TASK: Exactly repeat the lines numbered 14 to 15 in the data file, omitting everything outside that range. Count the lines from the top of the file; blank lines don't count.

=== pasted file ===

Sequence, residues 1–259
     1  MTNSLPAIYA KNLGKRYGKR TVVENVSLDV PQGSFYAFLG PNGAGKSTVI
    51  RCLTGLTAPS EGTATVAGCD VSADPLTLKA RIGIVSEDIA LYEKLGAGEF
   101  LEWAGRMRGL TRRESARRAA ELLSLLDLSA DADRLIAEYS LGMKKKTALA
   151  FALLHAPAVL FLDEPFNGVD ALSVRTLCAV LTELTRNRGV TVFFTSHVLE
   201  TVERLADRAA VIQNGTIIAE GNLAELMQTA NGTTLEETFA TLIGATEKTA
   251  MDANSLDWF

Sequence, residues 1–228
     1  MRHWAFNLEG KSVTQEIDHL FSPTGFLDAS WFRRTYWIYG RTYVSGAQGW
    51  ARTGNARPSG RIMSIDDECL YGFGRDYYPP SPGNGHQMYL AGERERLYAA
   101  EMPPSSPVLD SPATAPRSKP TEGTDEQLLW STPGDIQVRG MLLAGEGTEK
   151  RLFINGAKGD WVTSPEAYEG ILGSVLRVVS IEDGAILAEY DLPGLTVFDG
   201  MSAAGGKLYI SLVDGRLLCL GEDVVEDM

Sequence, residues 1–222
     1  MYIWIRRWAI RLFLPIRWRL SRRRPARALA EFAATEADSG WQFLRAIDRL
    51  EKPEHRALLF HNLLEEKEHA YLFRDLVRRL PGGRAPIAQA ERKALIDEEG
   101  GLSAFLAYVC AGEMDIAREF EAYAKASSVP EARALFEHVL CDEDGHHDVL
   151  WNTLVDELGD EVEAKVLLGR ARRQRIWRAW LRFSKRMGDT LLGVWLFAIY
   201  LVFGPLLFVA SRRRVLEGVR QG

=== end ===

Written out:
Sequence, residues 1–222
     1  MYIWIRRWAI RLFLPIRWRL SRRRPARALA EFAATEADSG WQFLRAIDRL